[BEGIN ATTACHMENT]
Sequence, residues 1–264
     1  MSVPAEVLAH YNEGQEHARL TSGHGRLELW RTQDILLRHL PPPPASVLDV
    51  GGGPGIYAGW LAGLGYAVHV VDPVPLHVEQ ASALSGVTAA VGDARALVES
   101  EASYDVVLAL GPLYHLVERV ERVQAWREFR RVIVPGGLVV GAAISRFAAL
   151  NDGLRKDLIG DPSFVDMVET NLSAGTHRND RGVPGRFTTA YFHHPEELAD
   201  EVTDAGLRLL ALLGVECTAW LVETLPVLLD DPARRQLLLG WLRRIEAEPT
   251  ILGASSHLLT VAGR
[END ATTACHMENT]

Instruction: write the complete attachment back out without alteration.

Sequence, residues 1–264
     1  MSVPAEVLAH YNEGQEHARL TSGHGRLELW RTQDILLRHL PPPPASVLDV
    51  GGGPGIYAGW LAGLGYAVHV VDPVPLHVEQ ASALSGVTAA VGDARALVES
   101  EASYDVVLAL GPLYHLVERV ERVQAWREFR RVIVPGGLVV GAAISRFAAL
   151  NDGLRKDLIG DPSFVDMVET NLSAGTHRND RGVPGRFTTA YFHHPEELAD
   201  EVTDAGLRLL ALLGVECTAW LVETLPVLLD DPARRQLLLG WLRRIEAEPT
   251  ILGASSHLLT VAGR